Unanimous: Town agrees to disband police department
Published 9:40 am Friday, May 7, 2021
By Mike Barnhardt
After hearing five residents tell them to keep the police department they respect and count on, members of the Mocksville Town Board on Tuesday unanimously voted to disband the department and contract with the Davie County Sheriff’s Office for law enforcement coverage.
Board members and new town manager, Ken Gamble, said the move was about nothing more than economics.
Those residents questioned that reasoning.
Former Cooleemee Police Chief and Mocksville resident Tony Hartle said he experienced something similar in Cooleemee, when one town board member put it upon themselves to disrupt the department. Eventually, he said, the problem went away.
“As you think of moving … think about the amount of control you might have. Support them (officers) by letting them do their jobs.”
He told board members to think hard before making a decision that would disrupt people’s lives.
Carol Yow also stood up for the department, giving officers credit for saving her neighborhood from a gas explosion when she called in the middle of the night because of a strange noise. Their response was quick and effective, she said.
“Noone is perfect, but please don’t take security and peace of mind away from me,” Yow said. “I stand with the men and women of blue.”
Local attorney Lynn Hicks gave examples of the good work of the officers. “We are forunate in Mocksville,” she said. “That’s got a lot to do with the respect held by this community for our people in uniform.”
She said it is easier for police officers to get to know folks in a town than it will be for sheriff’s officers. “I encourage you not to disband the Mocksville Police Department.”
Jennifer Jackson, manager at Cooper Creek Apartments, questioned the motives for the move.
“I feel like I’m at a funeral,” she said, noting that Mocksville has had a police department since 1839. “We do not want the police department defunded or dissolved.
“Is this really over finances? The issues started from a particular friend not getting to be chief. The town board allowed this.”
She also accused a town board member – not by name – of leaking information from closed meetings that benefitted their agenda. That information, she said, went to a fake Facebook account for a Carlos McDonald.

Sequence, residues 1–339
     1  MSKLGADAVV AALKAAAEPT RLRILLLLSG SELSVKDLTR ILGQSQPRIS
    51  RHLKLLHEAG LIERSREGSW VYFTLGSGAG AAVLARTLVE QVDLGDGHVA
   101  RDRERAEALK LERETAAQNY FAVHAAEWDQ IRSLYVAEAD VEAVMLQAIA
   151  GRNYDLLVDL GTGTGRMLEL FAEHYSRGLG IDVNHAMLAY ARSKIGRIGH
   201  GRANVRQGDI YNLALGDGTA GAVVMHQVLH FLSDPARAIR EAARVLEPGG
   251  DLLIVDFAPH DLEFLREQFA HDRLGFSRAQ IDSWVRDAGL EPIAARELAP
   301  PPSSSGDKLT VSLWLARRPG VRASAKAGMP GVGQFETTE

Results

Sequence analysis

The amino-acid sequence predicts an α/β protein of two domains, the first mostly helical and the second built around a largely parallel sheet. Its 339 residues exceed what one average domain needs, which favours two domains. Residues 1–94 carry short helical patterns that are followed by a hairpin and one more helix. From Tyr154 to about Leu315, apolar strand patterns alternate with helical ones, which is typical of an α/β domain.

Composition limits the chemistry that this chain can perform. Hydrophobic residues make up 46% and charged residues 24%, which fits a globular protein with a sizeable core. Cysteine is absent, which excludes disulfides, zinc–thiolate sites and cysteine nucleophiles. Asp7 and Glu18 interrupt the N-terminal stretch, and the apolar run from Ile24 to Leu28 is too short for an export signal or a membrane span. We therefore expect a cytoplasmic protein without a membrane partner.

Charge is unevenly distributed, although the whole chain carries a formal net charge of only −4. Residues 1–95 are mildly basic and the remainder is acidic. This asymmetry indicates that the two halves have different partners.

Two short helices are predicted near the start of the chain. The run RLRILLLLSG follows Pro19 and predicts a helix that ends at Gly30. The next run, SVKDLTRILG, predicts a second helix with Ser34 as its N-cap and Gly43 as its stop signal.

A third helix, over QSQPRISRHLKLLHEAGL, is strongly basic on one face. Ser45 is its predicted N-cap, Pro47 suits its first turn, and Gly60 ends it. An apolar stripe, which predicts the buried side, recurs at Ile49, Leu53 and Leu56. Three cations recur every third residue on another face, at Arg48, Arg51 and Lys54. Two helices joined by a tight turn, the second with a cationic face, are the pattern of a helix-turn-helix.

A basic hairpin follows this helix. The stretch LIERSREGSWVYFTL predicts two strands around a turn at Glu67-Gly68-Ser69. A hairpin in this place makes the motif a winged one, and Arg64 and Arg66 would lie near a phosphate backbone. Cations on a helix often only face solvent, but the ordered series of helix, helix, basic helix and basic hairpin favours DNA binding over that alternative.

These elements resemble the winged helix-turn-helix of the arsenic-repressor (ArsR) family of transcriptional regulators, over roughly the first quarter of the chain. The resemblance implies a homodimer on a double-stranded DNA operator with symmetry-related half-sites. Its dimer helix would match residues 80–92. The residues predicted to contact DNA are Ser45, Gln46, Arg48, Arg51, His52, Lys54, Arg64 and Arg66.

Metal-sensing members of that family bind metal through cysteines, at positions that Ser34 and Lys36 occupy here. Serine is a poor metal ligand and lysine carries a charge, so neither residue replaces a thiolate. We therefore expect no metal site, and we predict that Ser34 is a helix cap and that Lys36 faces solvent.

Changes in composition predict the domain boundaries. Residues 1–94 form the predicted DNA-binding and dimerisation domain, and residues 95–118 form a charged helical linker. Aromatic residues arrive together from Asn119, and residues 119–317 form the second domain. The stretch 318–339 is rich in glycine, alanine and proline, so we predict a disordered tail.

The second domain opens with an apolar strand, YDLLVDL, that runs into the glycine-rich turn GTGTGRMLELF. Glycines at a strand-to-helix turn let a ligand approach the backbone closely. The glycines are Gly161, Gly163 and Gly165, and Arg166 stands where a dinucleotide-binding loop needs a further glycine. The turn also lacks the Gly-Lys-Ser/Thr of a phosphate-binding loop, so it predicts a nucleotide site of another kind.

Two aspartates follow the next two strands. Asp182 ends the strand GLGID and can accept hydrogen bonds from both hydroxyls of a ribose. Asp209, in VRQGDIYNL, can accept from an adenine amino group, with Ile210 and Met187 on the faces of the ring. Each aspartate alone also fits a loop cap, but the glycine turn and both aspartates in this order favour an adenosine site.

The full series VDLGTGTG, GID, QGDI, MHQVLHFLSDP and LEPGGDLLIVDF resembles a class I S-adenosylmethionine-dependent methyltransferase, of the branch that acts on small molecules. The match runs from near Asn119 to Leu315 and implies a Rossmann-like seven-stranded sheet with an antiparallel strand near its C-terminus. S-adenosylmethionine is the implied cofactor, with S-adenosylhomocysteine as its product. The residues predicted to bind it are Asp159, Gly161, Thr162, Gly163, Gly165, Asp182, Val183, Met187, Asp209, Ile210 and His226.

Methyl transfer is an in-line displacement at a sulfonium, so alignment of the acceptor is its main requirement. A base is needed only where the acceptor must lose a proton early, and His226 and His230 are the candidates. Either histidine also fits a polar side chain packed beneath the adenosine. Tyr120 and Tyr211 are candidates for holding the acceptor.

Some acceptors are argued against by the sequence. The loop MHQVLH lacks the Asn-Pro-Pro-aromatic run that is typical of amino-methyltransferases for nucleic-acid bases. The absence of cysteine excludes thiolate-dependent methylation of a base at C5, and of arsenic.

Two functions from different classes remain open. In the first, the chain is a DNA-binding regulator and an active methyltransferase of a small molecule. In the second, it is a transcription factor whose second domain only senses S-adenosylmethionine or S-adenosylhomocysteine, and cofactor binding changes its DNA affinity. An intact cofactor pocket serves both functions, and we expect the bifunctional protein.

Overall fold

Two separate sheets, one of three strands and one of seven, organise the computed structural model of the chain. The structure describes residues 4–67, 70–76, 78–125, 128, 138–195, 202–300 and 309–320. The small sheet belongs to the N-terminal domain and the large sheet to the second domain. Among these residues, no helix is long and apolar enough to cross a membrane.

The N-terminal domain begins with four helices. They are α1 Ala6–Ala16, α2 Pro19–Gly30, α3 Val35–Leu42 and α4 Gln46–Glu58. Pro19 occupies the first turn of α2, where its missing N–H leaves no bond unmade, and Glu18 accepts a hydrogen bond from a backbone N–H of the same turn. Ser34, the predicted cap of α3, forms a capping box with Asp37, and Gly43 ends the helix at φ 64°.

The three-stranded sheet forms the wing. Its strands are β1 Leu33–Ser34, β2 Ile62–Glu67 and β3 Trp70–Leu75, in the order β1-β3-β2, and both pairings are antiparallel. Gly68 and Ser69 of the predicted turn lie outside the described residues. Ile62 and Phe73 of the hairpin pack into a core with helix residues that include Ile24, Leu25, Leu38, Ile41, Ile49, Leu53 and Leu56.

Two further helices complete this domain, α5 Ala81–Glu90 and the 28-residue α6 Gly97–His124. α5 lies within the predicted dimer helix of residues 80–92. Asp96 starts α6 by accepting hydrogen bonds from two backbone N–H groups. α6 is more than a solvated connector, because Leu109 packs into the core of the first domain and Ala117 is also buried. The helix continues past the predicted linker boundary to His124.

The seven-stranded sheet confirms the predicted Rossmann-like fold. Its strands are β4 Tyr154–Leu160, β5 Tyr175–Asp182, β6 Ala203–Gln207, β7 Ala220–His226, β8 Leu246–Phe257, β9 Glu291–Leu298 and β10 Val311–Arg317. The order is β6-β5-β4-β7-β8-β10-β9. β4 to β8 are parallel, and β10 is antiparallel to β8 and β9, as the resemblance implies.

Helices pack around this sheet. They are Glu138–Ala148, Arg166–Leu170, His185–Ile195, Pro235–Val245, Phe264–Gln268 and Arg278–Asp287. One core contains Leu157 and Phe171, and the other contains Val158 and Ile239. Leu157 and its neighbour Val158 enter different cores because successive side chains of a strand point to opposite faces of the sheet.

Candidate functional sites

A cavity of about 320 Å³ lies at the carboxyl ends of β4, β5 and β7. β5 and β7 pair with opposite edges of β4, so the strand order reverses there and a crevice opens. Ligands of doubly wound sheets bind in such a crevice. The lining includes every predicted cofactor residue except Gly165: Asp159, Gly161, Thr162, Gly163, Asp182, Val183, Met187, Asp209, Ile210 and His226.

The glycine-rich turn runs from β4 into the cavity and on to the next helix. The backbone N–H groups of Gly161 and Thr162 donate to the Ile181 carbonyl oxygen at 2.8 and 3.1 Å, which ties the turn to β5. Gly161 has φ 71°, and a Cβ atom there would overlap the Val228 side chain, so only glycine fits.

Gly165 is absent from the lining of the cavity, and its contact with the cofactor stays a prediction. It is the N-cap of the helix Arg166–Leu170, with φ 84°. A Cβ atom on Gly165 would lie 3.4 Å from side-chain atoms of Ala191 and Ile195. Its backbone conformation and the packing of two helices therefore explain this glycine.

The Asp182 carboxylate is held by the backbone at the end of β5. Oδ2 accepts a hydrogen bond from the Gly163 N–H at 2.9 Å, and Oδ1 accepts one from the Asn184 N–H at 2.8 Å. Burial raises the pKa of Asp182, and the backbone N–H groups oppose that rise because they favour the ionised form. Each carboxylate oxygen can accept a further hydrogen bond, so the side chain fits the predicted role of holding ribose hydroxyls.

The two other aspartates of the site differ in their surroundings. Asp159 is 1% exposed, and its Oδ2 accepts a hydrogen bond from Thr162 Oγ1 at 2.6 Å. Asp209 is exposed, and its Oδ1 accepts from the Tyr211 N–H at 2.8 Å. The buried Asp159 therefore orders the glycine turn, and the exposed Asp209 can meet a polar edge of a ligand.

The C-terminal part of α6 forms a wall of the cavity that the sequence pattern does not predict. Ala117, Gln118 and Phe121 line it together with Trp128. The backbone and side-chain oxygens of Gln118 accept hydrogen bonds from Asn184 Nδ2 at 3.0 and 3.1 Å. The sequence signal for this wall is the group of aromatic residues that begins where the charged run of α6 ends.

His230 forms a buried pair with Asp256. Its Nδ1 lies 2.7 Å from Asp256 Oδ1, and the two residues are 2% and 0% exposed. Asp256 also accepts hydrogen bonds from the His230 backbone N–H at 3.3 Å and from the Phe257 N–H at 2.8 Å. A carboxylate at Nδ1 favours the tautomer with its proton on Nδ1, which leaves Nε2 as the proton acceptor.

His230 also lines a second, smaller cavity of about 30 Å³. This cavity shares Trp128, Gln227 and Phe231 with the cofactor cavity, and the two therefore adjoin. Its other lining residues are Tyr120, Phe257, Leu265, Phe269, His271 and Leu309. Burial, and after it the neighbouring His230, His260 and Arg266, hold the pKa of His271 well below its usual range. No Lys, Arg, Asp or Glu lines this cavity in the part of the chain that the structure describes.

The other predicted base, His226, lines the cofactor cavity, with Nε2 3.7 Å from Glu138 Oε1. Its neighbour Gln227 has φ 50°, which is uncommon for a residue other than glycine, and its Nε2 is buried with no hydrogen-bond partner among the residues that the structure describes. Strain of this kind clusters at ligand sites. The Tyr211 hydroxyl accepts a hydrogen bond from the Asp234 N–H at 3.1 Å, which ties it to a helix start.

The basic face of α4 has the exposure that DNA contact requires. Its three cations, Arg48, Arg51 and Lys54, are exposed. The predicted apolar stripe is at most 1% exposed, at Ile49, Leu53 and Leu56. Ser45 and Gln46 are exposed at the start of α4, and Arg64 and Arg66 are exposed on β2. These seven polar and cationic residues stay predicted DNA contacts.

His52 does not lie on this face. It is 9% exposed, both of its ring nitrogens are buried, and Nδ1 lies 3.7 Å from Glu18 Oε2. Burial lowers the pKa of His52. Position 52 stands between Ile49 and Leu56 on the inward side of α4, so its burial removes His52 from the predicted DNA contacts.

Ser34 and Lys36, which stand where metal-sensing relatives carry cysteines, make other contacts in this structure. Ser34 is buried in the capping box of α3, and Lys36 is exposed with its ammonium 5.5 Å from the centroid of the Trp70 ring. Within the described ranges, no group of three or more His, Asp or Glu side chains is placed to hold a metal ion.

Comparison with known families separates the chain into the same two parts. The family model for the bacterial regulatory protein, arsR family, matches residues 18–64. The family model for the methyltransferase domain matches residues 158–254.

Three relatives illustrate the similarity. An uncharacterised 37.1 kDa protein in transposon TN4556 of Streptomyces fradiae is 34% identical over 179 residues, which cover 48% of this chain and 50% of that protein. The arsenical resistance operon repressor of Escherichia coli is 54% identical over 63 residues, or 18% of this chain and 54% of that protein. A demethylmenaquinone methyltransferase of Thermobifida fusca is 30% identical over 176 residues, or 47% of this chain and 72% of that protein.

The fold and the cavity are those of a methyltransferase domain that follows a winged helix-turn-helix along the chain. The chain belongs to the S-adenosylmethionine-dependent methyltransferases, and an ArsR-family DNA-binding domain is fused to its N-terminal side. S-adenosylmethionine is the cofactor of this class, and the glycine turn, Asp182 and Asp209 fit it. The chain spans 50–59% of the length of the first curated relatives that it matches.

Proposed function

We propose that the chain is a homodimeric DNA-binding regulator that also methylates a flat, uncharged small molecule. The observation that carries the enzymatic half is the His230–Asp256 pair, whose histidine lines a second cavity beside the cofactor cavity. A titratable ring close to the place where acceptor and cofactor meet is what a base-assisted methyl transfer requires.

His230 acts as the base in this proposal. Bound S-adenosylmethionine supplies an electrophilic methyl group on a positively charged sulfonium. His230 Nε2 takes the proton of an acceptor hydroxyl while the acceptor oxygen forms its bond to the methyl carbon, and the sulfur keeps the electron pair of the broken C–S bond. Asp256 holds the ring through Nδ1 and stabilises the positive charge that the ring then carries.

Brandon McGaha from the Police Benevolent Association said his organization is looking for fairness.
“You have a police department with great people,” he said, adding the town has different levels of city government working to harm the police department. “They haven’t had the opportunity for success.”
He urged the board to continue funding the department and let the manager fix any problems. “Give these officers a chance. This is not a broken police department.” McGaha also expressed concern that the town follow the council-manager form of government.
Two board members – who had supported the department in the past – said it had lost the confidence of the public.
“We’ve gone through hell (the last three years) with this department,” said Rob Taylor, an assistant district attorney familiar with the work of the department – work he had praised in the past. He said he doesn’t get any of his information from Facebook, but from talking to people.
Taylor said that nine out of 10 people he talked to thought it best to go ahead with the sheriff’s department contract. He also touted the economic benefits of the move.
“It’s not about a vendetta, or defunding the police,” said board member, Brian Williams, who said he received similar feedback to Taylor when talking to people.
“Local government should always look to be more efficient.”
He said that Bermuda Run has an effective community policing model through a contract with the sheriff’s department, and the move will take politics out of the equation.
“I have wrestled with this,” Williams said. “I support law enforcement. The decision is in the best interest of the town and its citizens.”
Gamble addressed the board – and at one time asked those gathered in an outside hall to be respectful when they started to grumble after he said something they didn’t like.
“This does not have anything to do with police officers – trying to get rid of them as individuals,” Gamble said. He said all officers had been professional with him, and coming from a law enforcement background, “My blood does run blue.”
It’s more about a $600,000 shortfall in funds for the upcoming budget and an estimated $1.3 million in savings the move would realize in three years. At the same time, he said it would mean more patrol officers on the ground.
“This is not the fault of our officers. People are going to lose their jobs at no fault of their own. This is purely a financial recommendation. It’s all about the numbers.”
He said traditionally, towns create police departments to get a higher level of coverage. In this case, he said, the town will get more street-level coverage for less money.
Two board members commented on the issue near the close of the meeting, when the mayor asks them if there’s anything they want to say.
Eric Southern called it a tough decision, and thanked past and present police personnel. “I think it’s the best direction for the town. The town is going to be better off,” Southern said.
“I’m not happy about it,” said Amy Vaughan-Jones. “It’s very bittersweet to me.” She said she wished the town had followed an assessment of the department more closely. Town residents, she said, deserve a cost-effective police department.